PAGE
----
What are our priorities in Iraq?

  1. All our congressmen need to read this:

    From Independent.co.uk:

    Dying of neglect: the state of Iraq's children's hospitals
    The wards are filthy, the sanitation shocking, the infections lethal. Sewage drips from the roof above cots of premature babies. This is the state of Baghdad's top children's hospital, 10 months after the fall of Saddam, reveals Justin Huggler
    21 February 2004

    In Iraq's hospitals, children are dying because of shockingly poor sanitation and a shortage of medical equipment. In Baghdad's premier children's hospital, Al-Iskan, sewage drips from the roof of the premature babies' ward, leaking from waste pipes above.

    In the leukaemia ward, the lavatories overflow at times, spreading filthy water across the floor that carries potentially lethal infection.

    Rubbish is piled on the stairs and in the corridors: old broken bits of machinery, discarded toilet cisterns, babies' cots filled with mountains of unwanted paperwork. The fire escape is blocked with discarded razor wire.

    Nearby lie blankets still black with the blood of Iraqi soldiers wounded during the war - for months, they must have been fetid breeding grounds for disease.

    More: http://news.independent.co.uk/world/...p?story=493560
  2. 4 Comments

  3. by   nekhismom
    sick, sick, sick. I don't know what to say. I certainly hope this article is not true.
  4. by   pickledpepperRN
    Iraq timeline: July 16 1979 to January 31 2004 (above)

    Iraq timeline: February 1 2004 to present

    February 23 2004
    At least 13 people are killed when a suicide bomber rams an explosives-laden car into a police station in Kirkuk, northern Iraq, in the Kurdish district of the city.
    Suicide bomb kills 10 in Kirkuk

    February 19 2004
    Two US soldiers and one Iraqi are killed by a roadside bomb attack on a military convoy in Khalidiyah, which is 60km (38 miles) west of Baghdad.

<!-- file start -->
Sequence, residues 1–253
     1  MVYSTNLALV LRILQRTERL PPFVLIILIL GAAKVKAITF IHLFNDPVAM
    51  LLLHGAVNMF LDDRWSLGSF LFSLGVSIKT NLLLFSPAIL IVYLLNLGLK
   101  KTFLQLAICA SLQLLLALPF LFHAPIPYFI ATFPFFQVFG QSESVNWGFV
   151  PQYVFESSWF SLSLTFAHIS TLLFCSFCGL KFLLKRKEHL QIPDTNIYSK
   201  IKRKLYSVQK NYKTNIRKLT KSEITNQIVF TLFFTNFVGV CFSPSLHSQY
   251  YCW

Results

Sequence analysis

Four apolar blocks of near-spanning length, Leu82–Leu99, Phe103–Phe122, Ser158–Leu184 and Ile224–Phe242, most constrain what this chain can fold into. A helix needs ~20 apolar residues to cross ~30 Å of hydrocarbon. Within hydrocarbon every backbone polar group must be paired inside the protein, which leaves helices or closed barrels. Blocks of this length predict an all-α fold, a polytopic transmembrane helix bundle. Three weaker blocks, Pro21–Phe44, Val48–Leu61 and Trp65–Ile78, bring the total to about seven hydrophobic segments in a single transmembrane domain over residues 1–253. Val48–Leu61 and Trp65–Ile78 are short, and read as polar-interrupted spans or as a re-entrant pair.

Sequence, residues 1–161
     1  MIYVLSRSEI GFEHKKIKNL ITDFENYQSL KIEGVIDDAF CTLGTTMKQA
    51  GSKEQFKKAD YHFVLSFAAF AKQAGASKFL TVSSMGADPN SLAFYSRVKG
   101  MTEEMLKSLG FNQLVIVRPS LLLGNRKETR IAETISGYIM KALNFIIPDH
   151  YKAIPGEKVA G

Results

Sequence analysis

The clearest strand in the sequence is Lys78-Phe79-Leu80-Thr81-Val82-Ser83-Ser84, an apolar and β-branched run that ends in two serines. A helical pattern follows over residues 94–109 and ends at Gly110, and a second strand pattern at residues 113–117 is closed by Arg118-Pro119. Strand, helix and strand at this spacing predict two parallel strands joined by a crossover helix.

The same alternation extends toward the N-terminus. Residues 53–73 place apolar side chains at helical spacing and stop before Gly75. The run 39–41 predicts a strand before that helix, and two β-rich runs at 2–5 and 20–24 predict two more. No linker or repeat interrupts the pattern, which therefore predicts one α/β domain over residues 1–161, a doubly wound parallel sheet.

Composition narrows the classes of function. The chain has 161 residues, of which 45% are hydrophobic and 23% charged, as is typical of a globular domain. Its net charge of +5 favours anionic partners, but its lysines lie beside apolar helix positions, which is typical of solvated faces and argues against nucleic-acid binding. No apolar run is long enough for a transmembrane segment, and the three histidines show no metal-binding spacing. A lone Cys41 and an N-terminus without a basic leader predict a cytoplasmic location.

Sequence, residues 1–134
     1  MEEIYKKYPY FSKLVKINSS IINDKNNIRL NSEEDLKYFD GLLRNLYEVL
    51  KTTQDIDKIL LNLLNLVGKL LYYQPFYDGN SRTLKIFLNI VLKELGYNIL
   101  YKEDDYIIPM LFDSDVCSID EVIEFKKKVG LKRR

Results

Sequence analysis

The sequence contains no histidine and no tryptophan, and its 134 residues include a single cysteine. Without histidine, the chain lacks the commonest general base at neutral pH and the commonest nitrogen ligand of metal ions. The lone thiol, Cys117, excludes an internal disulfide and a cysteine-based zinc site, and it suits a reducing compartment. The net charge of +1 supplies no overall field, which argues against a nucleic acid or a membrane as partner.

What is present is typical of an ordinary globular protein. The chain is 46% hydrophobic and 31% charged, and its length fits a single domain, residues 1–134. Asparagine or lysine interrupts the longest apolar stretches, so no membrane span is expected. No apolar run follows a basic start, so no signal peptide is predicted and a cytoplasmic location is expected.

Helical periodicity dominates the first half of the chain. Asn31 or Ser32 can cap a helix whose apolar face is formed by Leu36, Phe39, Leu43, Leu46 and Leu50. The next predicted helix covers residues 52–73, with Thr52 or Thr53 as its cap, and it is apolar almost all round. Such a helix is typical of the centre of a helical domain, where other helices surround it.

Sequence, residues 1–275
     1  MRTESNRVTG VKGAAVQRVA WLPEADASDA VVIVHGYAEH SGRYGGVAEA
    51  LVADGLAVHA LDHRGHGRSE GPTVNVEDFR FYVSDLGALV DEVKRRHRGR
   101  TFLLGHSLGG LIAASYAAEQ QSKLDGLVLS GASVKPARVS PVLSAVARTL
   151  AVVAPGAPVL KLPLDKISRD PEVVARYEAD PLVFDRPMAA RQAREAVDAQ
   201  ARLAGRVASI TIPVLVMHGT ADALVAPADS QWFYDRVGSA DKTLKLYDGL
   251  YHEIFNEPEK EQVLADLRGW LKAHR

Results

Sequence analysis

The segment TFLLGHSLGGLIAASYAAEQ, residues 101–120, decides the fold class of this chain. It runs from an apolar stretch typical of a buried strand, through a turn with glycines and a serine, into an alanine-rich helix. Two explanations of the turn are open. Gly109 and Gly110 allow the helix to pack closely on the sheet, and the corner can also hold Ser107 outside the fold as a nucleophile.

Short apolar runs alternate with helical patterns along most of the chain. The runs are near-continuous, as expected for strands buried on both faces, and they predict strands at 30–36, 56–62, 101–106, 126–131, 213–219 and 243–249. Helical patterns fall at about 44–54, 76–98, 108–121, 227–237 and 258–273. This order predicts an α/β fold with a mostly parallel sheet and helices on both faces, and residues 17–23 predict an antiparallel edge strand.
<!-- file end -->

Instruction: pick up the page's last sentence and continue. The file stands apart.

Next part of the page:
Meanwhile, the UN endorses Washington's timetable for the transfer of power, saying that elections should wait until after the handover on June 30.
    Three killed in Iraqi roadside bombing
    United Nations backs US date for handover in Baghdad

    February 18 2004
    Thirteen Iraqis are killed, and many civilians and coalition troops injured, in an apparent suicide attack when two explosive-laden trucks drive towards a Polish military camp in Hilla, a town south of Baghdad.
    13 killed in Hilla military camp blast

    February 16 2004
    Saddam Hussein is unlikely to stand trial for another two years, the Guardian reports. Salem Chalabi, a senior Iraqi official involved in setting up the court which will try the former dictator, claims that a need to guarantee "due process of law" will delay the beginning of any trial.
    Two-year wait for Saddam trial

    February 15 2004
    Two US soldiers are killed during a late night raid in Baghdad, hours after troops arrest a senior member of Saddam Hussein's former Ba'ath party regime at his home in western Baghdad. Mohammed Zimam Abdul Razaq was number 41 on the US most wanted list.
    Two US soldiers killed in Iraq

    February 14 2004
    Iraqi insurgents launch an organised raid on a police station in Fallujah, killing 23 fellow Iraqis seen as collaborators with the US occupation. The police compound comes under attack by around 25 heavily-armed Iraqi fighters but provoked little immediate response from US troops.
    23 killed as Iraqi rebels overrun police station

    February 13 2004
    Following the talks with Iraq's leading Shia cleric, Ayatollah Ali al-Husseini al-Sistani, the UN indicates its support in principle for early elections but concedes that they are unlikely to happen in the current climate.
    UN says early elections unlikely

    February 12 2004
    Insurgents in Fallujah open fire on a convoy carrying the US senior commander in Iraq, General John Abizaid. The attack comes as Ayatollah Ali al-Husseini al-Sistani holds talks with senior UN envoy Lakhdar Brahimi at his home in Najaf.
    Grenade attack on US general as UN consults Iraqis on elections

    February 11 2004
    At least 36 Iraqis are killed in a suicide car bomb attack on an army recruitment centre in Baghdad.
    36 dead in Baghdad suicide bombing

    February 10 2004
    A car bomb by a police station in the central Iraqi town of Iskandariya kills around 50 people and injures dozens more.
    50 die as bombers target police

    February 9 2004
    The US releases a letter it says is from an anti-US fighter to al-Qaida's leadership asking for help in launching attacks against the Shia Muslims to undermine the future Iraqi government.
    US claims to uncover war plot

    February 8 2004